The Ayala Group will continue to have up to 40 percent of its employees working from home, a top official said, as the new normal redefines the country’s oldest conglomerate.

Ayala has 56,500 direct hires, according to chief human resource officer John Philip Orbeta, who said that the new normal might mean that a huge number of its full-time employees would not report to office anymore.

“To be honest, we are looking at about 30 to 40 percent in our initial estimates who will continue to work from home,” he said as a panelist in a webinar hosted by the Management Association of the Philippines.

The webinar on Friday talked about healthcare protocols for workforce re-entry, wherein two out of the three panelists came from the Ayala Group, providing a glimpse of how one of the country’s biggest conglomerates has been preparing for the new normal.

Orbeta warned against the temptation of lifting the lockdown.

“Let’s face it. The moment we lift the lockdown, there will be cases. We cannot lull ourselves into thinking that we’ve done everything and therefore cases will not spread. But we cannot also be in hermit stage forever, and basically just continue not working,” he said.

“If that means the new normal will be 30 percent of the workforce is not coming to the workforce and working in other places, then maybe that’s what the new normal would look like,” he added.

Ayala has been preparing health protocols in bringing back its workforce under the assumption of an extended lockdown, which include daily health tracking of its employees, regardless if they were directly hired or subcontracted.

On top of direct employees, Ayala has about 100,000 “partners,” Orbeta said, referring to outsourced workers like construction employees and clerks.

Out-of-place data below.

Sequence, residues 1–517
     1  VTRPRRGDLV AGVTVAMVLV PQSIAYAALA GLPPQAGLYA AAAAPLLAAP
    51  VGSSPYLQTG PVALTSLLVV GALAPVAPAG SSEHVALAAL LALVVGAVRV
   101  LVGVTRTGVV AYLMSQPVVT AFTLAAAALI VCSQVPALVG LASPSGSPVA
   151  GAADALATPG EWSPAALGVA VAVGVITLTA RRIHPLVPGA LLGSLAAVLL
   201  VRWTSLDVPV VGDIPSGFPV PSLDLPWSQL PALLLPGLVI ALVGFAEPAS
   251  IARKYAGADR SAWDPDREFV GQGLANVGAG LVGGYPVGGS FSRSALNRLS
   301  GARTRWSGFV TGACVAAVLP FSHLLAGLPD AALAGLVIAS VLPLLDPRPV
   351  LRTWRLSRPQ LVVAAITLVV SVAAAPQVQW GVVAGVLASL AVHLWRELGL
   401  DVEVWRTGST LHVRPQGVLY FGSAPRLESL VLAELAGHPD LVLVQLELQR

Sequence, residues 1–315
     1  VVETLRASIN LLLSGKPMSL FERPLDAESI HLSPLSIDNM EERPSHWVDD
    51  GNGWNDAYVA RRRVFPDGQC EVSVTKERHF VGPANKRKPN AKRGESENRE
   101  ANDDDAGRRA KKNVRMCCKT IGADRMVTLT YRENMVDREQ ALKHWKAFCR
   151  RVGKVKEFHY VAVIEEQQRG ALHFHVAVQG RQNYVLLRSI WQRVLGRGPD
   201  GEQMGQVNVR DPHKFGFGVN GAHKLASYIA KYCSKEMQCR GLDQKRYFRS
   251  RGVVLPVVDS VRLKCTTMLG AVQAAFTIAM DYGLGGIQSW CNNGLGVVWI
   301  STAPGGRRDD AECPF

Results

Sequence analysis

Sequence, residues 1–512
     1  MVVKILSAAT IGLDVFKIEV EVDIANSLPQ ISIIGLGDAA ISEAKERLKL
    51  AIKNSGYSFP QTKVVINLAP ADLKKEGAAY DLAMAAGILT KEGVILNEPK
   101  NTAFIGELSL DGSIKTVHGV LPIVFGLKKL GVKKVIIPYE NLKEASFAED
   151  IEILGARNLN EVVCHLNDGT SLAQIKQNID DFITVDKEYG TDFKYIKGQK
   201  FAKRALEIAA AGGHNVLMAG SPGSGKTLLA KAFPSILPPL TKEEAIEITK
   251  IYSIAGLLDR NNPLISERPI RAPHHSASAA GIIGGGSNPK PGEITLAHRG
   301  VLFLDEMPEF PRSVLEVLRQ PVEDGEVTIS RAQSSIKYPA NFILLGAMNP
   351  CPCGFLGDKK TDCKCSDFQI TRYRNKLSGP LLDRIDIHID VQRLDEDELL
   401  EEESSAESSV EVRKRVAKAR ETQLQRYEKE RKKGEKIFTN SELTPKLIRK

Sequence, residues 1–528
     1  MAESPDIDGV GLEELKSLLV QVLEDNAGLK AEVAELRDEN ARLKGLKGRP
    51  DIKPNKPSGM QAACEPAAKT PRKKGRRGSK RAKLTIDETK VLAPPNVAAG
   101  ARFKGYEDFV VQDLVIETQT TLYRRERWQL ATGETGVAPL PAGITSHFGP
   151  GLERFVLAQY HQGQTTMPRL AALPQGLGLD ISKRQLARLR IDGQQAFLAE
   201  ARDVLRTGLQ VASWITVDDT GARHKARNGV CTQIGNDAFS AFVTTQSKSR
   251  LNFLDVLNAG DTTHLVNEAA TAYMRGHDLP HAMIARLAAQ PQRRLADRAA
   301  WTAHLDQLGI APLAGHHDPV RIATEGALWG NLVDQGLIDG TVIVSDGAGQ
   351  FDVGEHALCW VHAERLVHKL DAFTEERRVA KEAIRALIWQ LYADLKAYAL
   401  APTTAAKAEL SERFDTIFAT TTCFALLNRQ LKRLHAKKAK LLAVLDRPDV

“While they’re not our direct employees, we need to make sure that they’re also included in the healthcare tracking because they would be in the workplace. We need also to track them,” he said.

It remains to be seen if other companies, specifically micro, small and medium-sized enterprises, could follow the direction of Ayala, given that not everyone has the same resources as the conglomerate.

Moreover, according to Carissa Alejandro, head of strategy and external affairs of Healthcare Holdings Inc., the group would do testing through a selective approach that would have both rapid antibody testing and confirmatory testing.

She said they have grouped their employees by priority in terms of risk. Around 600 workers will be prioritized first because they have the clinical need to be checked. They may have COVID-19 symptoms, an exposure to a confirmed case, or recovered from the virus.

Next are 11,000 workers considered front-liners because they usually face clients, such as medical professionals, bank personnel and maintenance, according to her presentation during the webinar. Orbeta added that the next priority was for the people who have to report to the offices.

Nevertheless, the group still intends to test workers who are working from home.

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